Getting Started with Linux CVM
Last updated: 2019-07-25 18:53:25PDF
- Step 1: Prepare and Select Model
- Step 2: Create a Linux-based CVM
- Step 3: Log in to Linux CVM
- Step 4: Partition and Format Data Disk
This document describes how to create and configure a Linux-based CVM instance.
Step 1: Prepare and Select Model
Sign up for a Tencent Cloud account
Specify the region and availability zone
How to select region:
- Be close to your users
Choose the region closest to your end users, so as to reduce the network latency and increase the access speed. For example, if most of your users are in North America, then Toronto is a good choice.
- In the same region
CVMs in the same region are interconnected with each other via a private network, but those in different regions cannot communicate with each other via a private network. Users who communicate with each other using multiple CVMs via a private network should choose the same region.
CVMs in the same region can communicate with each other via a private network free of charge.
CVMs in different regions cannot communicate with each other via a private network but only via Internet with a charge.
Select CVM Model
Choose a billing method
Tencent Cloud supports pay-as-you-good billing method. For more information, see Billing Methods.
Step 2: Create a Linux-based CVM
Please follow the steps below to create a Linux-based CVM.
Log in to the Tencent Cloud, select Products -> Cloud Compute & Network -> Cloud Virtual Machine, then click Get Started to enter the CVM purchase page, and click Create to start the purchase.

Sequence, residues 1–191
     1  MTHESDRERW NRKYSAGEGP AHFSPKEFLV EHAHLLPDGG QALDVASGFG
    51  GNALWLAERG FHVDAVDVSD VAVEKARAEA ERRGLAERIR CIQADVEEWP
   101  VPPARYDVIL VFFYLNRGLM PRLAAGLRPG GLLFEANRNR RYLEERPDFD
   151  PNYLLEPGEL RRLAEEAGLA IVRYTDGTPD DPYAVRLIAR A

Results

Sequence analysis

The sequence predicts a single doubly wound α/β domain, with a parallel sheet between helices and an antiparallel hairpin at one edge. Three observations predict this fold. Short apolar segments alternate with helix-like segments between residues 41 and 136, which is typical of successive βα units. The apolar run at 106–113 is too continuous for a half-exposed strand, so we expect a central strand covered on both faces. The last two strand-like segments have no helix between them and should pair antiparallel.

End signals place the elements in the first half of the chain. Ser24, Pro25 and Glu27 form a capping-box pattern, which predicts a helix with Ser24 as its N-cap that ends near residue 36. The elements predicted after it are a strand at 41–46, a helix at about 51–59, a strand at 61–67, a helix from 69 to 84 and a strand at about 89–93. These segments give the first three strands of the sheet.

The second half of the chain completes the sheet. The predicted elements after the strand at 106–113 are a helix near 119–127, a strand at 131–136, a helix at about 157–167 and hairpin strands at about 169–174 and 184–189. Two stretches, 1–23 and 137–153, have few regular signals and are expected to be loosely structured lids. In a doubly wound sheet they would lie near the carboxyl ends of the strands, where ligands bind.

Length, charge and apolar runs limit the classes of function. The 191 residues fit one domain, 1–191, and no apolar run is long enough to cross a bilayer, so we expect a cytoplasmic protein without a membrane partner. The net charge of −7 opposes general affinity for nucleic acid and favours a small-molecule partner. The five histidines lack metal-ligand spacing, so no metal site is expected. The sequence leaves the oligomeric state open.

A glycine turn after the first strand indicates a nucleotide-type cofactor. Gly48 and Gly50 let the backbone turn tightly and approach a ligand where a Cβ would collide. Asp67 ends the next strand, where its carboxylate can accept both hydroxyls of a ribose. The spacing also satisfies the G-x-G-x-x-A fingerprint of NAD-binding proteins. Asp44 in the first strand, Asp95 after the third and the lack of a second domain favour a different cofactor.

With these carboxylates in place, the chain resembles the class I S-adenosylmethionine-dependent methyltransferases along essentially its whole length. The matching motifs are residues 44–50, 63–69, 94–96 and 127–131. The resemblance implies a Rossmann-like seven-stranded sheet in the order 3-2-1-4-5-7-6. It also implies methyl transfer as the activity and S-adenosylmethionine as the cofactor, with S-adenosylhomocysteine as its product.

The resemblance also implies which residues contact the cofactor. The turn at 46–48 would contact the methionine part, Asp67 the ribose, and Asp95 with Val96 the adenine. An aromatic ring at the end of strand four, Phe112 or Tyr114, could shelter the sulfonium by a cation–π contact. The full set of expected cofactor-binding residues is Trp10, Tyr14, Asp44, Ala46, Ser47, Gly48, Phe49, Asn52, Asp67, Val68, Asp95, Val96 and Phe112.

Select a region and model. Choosing a region close to your users can minimize network latency and improve download speed.
Select an image. Select a Linux operating system that meets your requirement.
Complete storage configuration and set the internet bandwidth. If you do not need to connect to the internet, set the bandwidth value to 0.
Set the security group, account name and login method.
Confirm the settings of the CVM and select quantity.
For more information on how to view internal messages, see the next step.
Step 3: Log in to Linux CVM
This section describes how to log in to the CVM on the console. For more information on other login methods, see Log in to Linux Instance.
Log into the CVM with the admin account.
- Admin account ID: "root" for Linux instances ("ubuntu" for Ubuntu system)
- Password: If you choose "quick configuration", the initial password is randomly assigned by the system. You can check the password in internal message and email
For more information, see Login Password.
Checking CVM information
After a CVM is purchased and launched, we will send you information of this CVM (including the instance name, public IP, private IP, login name, initial login password) via Tencent Cloud Internal Message.
Log in to CVM console, and you can see the public IP, private IP, and other information.
Click Internal Message at the upper right corner.
The new CVM and its information such as login name and password can be found in the Internal Message page, as shown in areas highlighted in yellow.